A US space agency said Tuesday that it will be "difficult" for NASA to make a fresh attempt to launch its massive Moon rocket in October, with a lift-off in November becoming more likely.
The SLS rocket, NASA''s most powerful, had to be returned overnight to its storage hangar in order to protect it from Hurricane Ian''s approaching.
The next possible launch windows - determined according to the position of the Earth and the Moon - are from October 17 to 31, and from November 12 to 27.
"We know that the first it may go is in late October, but it''s more than likely we''ll go in the window in the middle of November," NASA head Bill Nelson said.
At a press conference, NASA associate administrator Jim Free was also asked about the rocket''s chances of doing a lift-off in October.
"I''m not confident we''ll take anything off the table," he said. "But it''s going to be difficult," he said.
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NASA will have to take the time to rebuild the rocket''s self-destructing capabilities after the hurricane passed, which will be carried out in the storage hangar.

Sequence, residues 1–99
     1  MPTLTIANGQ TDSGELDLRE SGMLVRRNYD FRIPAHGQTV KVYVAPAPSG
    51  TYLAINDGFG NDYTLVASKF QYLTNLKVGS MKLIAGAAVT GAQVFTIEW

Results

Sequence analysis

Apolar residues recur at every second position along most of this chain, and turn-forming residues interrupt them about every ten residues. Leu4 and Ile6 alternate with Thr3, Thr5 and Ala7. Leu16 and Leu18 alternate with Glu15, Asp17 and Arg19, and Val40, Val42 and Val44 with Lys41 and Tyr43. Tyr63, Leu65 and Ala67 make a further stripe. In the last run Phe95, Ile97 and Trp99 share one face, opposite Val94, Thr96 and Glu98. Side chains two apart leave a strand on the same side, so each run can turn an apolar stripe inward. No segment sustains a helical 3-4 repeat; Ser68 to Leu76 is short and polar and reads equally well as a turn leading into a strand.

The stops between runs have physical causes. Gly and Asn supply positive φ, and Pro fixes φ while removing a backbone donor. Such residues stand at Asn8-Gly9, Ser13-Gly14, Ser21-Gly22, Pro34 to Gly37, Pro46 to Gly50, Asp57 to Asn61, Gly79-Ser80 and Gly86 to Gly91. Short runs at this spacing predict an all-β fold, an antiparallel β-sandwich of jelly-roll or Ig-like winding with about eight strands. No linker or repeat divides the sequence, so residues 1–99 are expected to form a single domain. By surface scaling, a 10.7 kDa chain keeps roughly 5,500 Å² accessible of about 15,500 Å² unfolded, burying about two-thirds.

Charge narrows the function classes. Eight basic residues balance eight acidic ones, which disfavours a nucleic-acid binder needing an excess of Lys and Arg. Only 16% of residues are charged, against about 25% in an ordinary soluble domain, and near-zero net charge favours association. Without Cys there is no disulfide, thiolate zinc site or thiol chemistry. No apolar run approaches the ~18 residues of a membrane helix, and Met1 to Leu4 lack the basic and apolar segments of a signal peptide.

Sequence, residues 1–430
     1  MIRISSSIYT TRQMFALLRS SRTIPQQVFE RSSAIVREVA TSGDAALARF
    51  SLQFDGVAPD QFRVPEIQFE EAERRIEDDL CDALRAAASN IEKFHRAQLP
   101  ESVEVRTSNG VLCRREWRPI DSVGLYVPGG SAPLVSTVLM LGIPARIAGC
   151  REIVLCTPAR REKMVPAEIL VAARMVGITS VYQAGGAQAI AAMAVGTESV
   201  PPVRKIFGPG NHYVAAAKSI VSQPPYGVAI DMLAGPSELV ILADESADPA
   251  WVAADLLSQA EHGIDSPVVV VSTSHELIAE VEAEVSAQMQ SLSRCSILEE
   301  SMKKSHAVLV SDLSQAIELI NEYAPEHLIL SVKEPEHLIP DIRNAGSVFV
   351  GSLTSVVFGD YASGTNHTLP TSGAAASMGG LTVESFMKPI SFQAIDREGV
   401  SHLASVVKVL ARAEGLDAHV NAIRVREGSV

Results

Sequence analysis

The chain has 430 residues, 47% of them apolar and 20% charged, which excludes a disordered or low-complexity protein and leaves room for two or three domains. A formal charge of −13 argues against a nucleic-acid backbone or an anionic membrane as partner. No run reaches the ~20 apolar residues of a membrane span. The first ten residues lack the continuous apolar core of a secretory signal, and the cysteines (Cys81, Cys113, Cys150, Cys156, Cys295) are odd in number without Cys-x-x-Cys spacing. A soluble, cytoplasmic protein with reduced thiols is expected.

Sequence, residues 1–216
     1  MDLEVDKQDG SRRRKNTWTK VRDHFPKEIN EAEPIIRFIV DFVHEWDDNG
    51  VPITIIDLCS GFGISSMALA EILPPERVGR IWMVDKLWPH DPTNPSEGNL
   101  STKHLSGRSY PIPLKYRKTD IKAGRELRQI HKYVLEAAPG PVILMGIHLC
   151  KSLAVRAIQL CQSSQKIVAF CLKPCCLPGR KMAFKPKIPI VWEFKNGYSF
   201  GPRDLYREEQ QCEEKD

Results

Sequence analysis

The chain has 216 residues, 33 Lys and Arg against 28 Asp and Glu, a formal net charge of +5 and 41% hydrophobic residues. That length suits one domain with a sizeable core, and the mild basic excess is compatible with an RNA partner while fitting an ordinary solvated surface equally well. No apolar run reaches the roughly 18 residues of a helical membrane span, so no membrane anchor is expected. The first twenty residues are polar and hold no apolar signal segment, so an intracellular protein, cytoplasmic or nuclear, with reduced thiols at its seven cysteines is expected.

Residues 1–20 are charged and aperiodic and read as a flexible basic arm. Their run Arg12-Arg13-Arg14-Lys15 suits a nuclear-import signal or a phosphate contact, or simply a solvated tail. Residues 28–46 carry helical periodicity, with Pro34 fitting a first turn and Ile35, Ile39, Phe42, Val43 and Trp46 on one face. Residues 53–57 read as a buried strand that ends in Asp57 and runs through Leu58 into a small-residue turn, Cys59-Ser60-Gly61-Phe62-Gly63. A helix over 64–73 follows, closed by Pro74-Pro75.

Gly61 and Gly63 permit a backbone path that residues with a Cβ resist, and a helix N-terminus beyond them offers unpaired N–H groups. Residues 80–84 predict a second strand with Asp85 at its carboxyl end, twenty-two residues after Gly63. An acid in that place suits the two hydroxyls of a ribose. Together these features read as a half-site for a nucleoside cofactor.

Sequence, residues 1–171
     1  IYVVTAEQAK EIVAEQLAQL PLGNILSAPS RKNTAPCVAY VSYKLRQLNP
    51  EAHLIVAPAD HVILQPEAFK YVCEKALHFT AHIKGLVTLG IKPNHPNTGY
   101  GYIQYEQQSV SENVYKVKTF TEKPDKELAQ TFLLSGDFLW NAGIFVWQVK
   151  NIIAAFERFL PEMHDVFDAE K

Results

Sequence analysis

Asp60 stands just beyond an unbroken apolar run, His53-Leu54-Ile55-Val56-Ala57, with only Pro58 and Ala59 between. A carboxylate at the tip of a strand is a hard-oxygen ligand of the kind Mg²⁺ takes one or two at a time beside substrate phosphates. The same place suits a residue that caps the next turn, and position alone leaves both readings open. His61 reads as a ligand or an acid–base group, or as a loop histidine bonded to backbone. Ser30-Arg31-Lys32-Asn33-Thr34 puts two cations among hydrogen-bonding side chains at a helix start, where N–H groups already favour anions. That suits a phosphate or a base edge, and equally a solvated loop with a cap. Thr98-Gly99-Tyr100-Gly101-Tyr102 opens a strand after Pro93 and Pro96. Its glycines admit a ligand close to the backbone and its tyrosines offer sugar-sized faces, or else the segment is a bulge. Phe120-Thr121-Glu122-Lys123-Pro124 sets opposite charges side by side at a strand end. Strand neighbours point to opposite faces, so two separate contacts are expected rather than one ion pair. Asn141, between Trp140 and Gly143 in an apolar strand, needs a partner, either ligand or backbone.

The rocket, which is 98 meters high (320 feet), will be relaunched and transported to its launch pad, before configuring it for launch.
The latest failure will therefore halt the launch of the long-awaited Artemis 1 mission.
Two launch attempts had already been canceled at the last minute, at the end of August and then at the beginning of September, due to technical difficulties, including a leak when filling the rocket''s tanks with fuel.
Artemis 1 will be used to ensure that the Orion capsule, placed on the rocket''s top, is safe to transport a crew to the Moon in the future fifty years after its last mission.